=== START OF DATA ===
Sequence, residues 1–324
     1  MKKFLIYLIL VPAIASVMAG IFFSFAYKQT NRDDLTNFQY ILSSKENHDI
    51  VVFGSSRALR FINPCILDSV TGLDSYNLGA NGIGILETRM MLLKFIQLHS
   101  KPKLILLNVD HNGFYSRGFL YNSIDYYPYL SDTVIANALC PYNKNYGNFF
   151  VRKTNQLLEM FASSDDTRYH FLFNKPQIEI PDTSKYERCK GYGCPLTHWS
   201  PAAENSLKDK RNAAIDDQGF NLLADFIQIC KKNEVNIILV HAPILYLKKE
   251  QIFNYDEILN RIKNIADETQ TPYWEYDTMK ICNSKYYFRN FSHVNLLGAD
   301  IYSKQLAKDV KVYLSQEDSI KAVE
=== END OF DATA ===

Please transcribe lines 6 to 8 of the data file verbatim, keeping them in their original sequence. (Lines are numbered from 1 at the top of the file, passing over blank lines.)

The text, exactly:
   201  PAAENSLKDK RNAAIDDQGF NLLADFIQIC KKNEVNIILV HAPILYLKKE
   251  QIFNYDEILN RIKNIADETQ TPYWEYDTMK ICNSKYYFRN FSHVNLLGAD
   301  IYSKQLAKDV KVYLSQEDSI KAVE